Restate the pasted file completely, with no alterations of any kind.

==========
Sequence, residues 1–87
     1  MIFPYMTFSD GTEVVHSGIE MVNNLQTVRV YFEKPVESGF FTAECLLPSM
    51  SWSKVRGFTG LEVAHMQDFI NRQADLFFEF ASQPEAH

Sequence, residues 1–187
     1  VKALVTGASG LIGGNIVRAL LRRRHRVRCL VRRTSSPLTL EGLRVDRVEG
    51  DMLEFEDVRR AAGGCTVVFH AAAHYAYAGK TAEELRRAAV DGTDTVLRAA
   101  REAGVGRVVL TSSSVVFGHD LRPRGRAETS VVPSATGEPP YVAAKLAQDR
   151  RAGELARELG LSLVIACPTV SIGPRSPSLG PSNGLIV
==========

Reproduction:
Sequence, residues 1–87
     1  MIFPYMTFSD GTEVVHSGIE MVNNLQTVRV YFEKPVESGF FTAECLLPSM
    51  SWSKVRGFTG LEVAHMQDFI NRQADLFFEF ASQPEAH

Sequence, residues 1–187
     1  VKALVTGASG LIGGNIVRAL LRRRHRVRCL VRRTSSPLTL EGLRVDRVEG
    51  DMLEFEDVRR AAGGCTVVFH AAAHYAYAGK TAEELRRAAV DGTDTVLRAA
   101  REAGVGRVVL TSSSVVFGHD LRPRGRAETS VVPSATGEPP YVAAKLAQDR
   151  RAGELARELG LSLVIACPTV SIGPRSPSLG PSNGLIV